While he wasn’t lacking any motivation after last year’s close call, Berger got another dose last week at the U.S. Open when he joined Tony Finau as a surprise participant in the final group Sunday, only to shoot a 73 and drift to a T-6 finish.


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    “It was one of the best experiences of my professional golf career so far. I feel like I’m going to be in such a better place next time I’m in that position, having felt those emotions and kind of gone through it,” Berger said. “There was a lot of reflection after that because I felt like I played good enough to get it done Sunday. I didn’t make as many putts as I wanted to, but I hit a lot of really good putts. And that’s really all you can do.”

    Berger missed the cut earlier this month to end his quest for three straight titles in Memphis, but his otherwise consistent season has now included six top-20 finishes since January. After working his way into contention last week and still with a score to settle at TPC River Highlands, he’s eager to get back to work against another star-studded field.

    “I think all these experiences you just learn from,” Berger said. “I think last week, having learned from that, I think that’s even going to make me a little better this week. So I’m excited to get going.”

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    Rory tired of the near-misses, determined to close

    By Will GrayJune 20, 2018, 9:46 pm

    CROMWELL, Conn. – Rory McIlroy has returned to the Travelers Championship with an eye on bumping up his winning percentage.

    McIlroy stormed from the back of the pack to win the Arnold Palmer Invitational in March, but that remains his lone worldwide win since the 2016 Tour Championship. It speaks to McIlroy’s considerable ability and lofty expectations that, even with a number of other high finishes this season, he is left unsatisfied.

    “I feel like I’ve had five realistic chances to win this year, and I’ve been able to close out one of them. That’s a bit disappointing, I guess,” McIlroy said. “But at least I’ve given myself five chances to win golf tournaments, which is much more than I did last year.”


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    The most memorable of McIlroy’s near-misses is likely the Masters, when he played alongside Patrick Reed in Sunday’s final group but struggled en route to a T-5 finish. But more frustrating in the Ulsterman’s eyes were his runner-up at the Omega Dubai Desert Classic, when he led by two shots with eight holes to go, and a second-place showing behind Francesco Molinari at the BMW PGA Championship in May.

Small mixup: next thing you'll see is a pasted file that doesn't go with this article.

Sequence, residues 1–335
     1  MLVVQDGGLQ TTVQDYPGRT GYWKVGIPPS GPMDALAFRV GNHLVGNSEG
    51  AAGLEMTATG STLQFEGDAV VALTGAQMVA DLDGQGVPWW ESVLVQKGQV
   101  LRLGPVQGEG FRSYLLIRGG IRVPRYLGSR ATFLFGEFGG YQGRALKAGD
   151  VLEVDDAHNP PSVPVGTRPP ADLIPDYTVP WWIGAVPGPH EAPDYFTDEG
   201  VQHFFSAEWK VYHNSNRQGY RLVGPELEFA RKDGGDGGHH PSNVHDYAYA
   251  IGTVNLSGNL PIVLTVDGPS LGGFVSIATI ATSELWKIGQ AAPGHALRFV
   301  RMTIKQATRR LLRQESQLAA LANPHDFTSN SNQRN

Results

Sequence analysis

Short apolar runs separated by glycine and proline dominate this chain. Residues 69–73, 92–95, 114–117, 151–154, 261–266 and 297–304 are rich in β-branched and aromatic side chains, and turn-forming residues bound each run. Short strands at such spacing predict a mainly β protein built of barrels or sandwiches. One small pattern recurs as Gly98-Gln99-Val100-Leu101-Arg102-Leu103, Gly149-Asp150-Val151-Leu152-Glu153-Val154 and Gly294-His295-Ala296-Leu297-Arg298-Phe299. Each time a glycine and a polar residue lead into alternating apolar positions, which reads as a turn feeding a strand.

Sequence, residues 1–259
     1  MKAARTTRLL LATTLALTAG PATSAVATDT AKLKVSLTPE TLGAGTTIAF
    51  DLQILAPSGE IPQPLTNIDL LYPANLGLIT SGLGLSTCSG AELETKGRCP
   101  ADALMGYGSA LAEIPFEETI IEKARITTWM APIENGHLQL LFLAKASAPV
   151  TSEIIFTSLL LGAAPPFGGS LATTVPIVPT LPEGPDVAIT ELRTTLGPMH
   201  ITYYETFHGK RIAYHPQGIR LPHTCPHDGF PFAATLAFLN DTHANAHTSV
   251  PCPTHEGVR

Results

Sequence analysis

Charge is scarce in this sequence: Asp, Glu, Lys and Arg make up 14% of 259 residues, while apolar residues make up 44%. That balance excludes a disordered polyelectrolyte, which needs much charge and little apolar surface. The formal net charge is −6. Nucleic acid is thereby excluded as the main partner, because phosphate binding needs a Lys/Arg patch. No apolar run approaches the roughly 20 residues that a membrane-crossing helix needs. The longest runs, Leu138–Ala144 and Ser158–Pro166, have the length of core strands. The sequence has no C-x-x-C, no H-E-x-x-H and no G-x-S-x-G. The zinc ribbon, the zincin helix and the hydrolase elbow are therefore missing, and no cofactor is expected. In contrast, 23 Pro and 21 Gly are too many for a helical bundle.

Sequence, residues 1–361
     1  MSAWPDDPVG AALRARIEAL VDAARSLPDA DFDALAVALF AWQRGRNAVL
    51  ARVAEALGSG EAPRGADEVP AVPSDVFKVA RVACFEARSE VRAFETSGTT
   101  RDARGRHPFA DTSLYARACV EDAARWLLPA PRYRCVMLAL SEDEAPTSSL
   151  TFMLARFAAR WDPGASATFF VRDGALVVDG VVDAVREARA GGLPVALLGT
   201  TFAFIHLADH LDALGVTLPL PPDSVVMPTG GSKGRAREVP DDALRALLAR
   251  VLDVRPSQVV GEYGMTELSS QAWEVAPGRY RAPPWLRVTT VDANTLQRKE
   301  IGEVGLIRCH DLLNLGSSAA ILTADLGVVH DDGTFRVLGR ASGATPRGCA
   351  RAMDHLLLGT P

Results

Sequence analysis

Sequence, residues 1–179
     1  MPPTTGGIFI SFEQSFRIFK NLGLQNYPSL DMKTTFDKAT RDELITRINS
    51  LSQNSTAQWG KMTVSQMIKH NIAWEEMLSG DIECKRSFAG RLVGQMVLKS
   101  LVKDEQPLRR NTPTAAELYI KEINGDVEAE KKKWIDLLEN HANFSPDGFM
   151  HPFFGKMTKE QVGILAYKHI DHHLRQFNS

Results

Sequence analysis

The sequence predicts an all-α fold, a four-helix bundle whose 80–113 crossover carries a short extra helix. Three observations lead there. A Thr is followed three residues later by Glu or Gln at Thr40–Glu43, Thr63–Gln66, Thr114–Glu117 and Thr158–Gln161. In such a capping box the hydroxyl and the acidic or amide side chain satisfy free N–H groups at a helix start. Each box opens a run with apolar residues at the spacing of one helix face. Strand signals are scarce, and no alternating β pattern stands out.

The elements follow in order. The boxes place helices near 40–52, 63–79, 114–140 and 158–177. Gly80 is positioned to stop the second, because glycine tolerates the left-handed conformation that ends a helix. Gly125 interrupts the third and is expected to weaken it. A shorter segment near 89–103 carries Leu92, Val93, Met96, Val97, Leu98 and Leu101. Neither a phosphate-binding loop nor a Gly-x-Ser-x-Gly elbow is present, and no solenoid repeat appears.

“There’s been some good golf in there,” he said. “I feel like I let Dubai and Wentworth get away a little bit.”

    He’ll have a chance to rectify that trend this week at TPC River Highlands, where he finished T-17 last year in his tournament debut and liked the course and the tournament enough to keep it on his schedule. It comes on the heels of a missed cut at the U.S. Open, when he was 10 over through 11 holes and never got on track. McIlroy views that result as more of an aberration during a season in which he has had plenty of chances to contend on the weekend.

    “I didn’t necessarily play that badly last week. I feel like if I play similarly this week, I might have a good chance to win,” McIlroy said. “I think when you play in conditions like that, it magnifies parts of your game that maybe don’t stack up quite as good as the rest of your game, and it magnified a couple of things for me that I worked on over the weekend.”

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    Sunday run at Shinnecock gave Reed even more confidence

    By Will GrayJune 20, 2018, 9:08 pm

    CROMWELL, Conn. – While many big names are just coming around to the notion that the Travelers Championship is worth adding to the schedule, Patrick Reed has been making TPC River Highlands one of his favorite haunts for years.

    Reed will make his seventh straight appearance outside Hartford, where he tied for fifth last year and was T-11 the year before that. He is eager to get back to the grind after a stressful week at the U.S. Open, both because of his past success here and because it will offer him a chance to build on a near-miss at Shinnecock Hills.